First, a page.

(Allow me moment of nostalgia here. Following this parliamentary statement, the editor of Radio 4’s World at One invited me to comment on this, so I went to Broadcasting House to be interviewed by Sir Robin Day, the foremost political interviewer of the time. Ah, the kudos, I thought! Unfortunately, the great man, accustomed to interviewing heads of state, was completely uninterested in talking to a pipsqueak researcher, and the interview was brief, superficial, and never broadcast. Ah, well…)
Statistics of course
Collecting and analysing data became more important through the 80s, although it was mostly done by police officers themselves. Each police force employed a statistician, but their work was largely concerned with collating crime figures to submit to the Home Office. But by the early 90s, forces were beginning to establish specialist research posts, filled by police staff. With a clear training need, I found a niche, providing courses on all aspects of research methodology, in particular statistical analysis. With the advent of the National Intelligence Model in 2000, the role of analyst was borne, and the demand for statistics training was well established.
It has been my good fortune to have taught statistical methods to police analysts (and quite a few police officers) for more than 30 years now. It has been rewarding and interesting, and I’ve met some really nice people along the way.
Of course, it has also been challenging. That’s why it continues to be interesting. One of the challenges is for the analyst to persuade her audience that statistical analysis as a means to an end, not an end in itself. Ultimately, the numbers aren’t important, it’s what they mean. Disciplined interpretation is a skill in itself.
Another challenge is posed by the ease with which statistics can be calculated. By all means delegate the calculation of your standard deviation or chi squared test to a computer. Why on earth would you work it out on a calculator? But if you want to use these statistics properly – to be an informed practitioner, to use Donald Schön’s phrase – you need to understand how and why they work, what their limitations are, and in what circumstances they can and can’t be used.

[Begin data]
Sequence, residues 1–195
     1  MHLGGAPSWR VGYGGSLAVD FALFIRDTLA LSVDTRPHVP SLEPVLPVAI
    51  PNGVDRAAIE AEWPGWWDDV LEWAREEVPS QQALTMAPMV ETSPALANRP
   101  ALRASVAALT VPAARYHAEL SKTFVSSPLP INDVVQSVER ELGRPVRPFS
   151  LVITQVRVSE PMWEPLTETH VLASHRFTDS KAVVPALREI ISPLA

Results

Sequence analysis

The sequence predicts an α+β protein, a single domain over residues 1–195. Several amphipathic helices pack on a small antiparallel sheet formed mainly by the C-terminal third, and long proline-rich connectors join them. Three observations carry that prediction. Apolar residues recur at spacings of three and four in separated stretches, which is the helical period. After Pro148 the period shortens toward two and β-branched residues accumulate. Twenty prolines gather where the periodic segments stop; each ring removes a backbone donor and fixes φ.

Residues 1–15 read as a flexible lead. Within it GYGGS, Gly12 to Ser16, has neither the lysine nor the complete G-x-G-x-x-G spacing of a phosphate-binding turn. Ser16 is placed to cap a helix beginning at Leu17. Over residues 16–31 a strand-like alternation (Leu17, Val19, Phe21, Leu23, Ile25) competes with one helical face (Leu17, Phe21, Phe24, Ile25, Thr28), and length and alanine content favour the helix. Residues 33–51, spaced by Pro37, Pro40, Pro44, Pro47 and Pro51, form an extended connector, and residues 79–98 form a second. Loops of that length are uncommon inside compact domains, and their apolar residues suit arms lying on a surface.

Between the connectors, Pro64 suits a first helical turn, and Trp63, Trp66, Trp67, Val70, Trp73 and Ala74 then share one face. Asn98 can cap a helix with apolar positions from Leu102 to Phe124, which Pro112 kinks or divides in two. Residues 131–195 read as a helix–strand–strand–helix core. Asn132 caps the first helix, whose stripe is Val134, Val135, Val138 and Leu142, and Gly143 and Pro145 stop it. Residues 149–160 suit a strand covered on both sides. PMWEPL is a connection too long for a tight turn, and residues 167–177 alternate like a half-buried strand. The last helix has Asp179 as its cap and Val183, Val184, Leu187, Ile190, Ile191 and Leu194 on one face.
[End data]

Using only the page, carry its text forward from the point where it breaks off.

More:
And speaking of standard deviations and chi squared tests (and means, medians, correlation coefficients, and all the others that analysts will be familiar with). As well as the Poisson distribution and Student’s t test (which you may be a little hazier about). Not to mention the Kolmogorov-Smirnov test, or Wald-Wolfowitz runs test…
Yes, there are so many tests that choice is bewildering. It was ever thus: at university (and I’m now looking back well beyond 40 years!) we all struggled with the question of which statistical test to use in what circumstances. It is one of the most intrinsically difficult problems facing the analyst, and one for which no perfect algorithm can be written (although I’ve had a go at writing my own imperfect one).
This may be why so many analytic reports fall back on the standard deviation. It is simple to calculate, easy to understand, and familiar to present in the form of ‘control charts’ (which aren’t really control charts at all, but that’s the subject for another blog).
The standard deviation is an important and potentially very useful statistic, in its place. But it is overused, with the result that police performance reports often reflect a sort of analytic monoculture. I have to confess that I bear some responsibility for its overuse, because it has featured in every introductory statistics course I have ever taught.
Statistics is more than just a toolkit: it’s about the disciplined interpretation of data. But to serve that end effectively, analysts need to use a wider range of tools, to summarise and draw conclusions from statistical evidence. It’s time to diversify!